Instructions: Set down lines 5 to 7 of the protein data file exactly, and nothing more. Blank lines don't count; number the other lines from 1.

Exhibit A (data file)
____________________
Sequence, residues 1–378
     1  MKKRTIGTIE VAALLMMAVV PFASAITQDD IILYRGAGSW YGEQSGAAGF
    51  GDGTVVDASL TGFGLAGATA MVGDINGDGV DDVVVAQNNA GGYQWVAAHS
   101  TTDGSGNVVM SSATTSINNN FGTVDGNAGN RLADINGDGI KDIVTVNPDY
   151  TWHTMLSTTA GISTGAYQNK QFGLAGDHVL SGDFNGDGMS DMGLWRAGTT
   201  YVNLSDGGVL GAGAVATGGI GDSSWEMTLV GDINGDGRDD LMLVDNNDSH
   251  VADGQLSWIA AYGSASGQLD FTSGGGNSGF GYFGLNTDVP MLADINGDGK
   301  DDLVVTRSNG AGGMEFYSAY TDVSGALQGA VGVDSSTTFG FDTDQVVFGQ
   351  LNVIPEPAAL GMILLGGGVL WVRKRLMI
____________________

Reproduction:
   151  TWHTMLSTTA GISTGAYQNK QFGLAGDHVL SGDFNGDGMS DMGLWRAGTT
   201  YVNLSDGGVL GAGAVATGGI GDSSWEMTLV GDINGDGRDD LMLVDNNDSH
   251  VADGQLSWIA AYGSASGQLD FTSGGGNSGF GYFGLNTDVP MLADINGDGK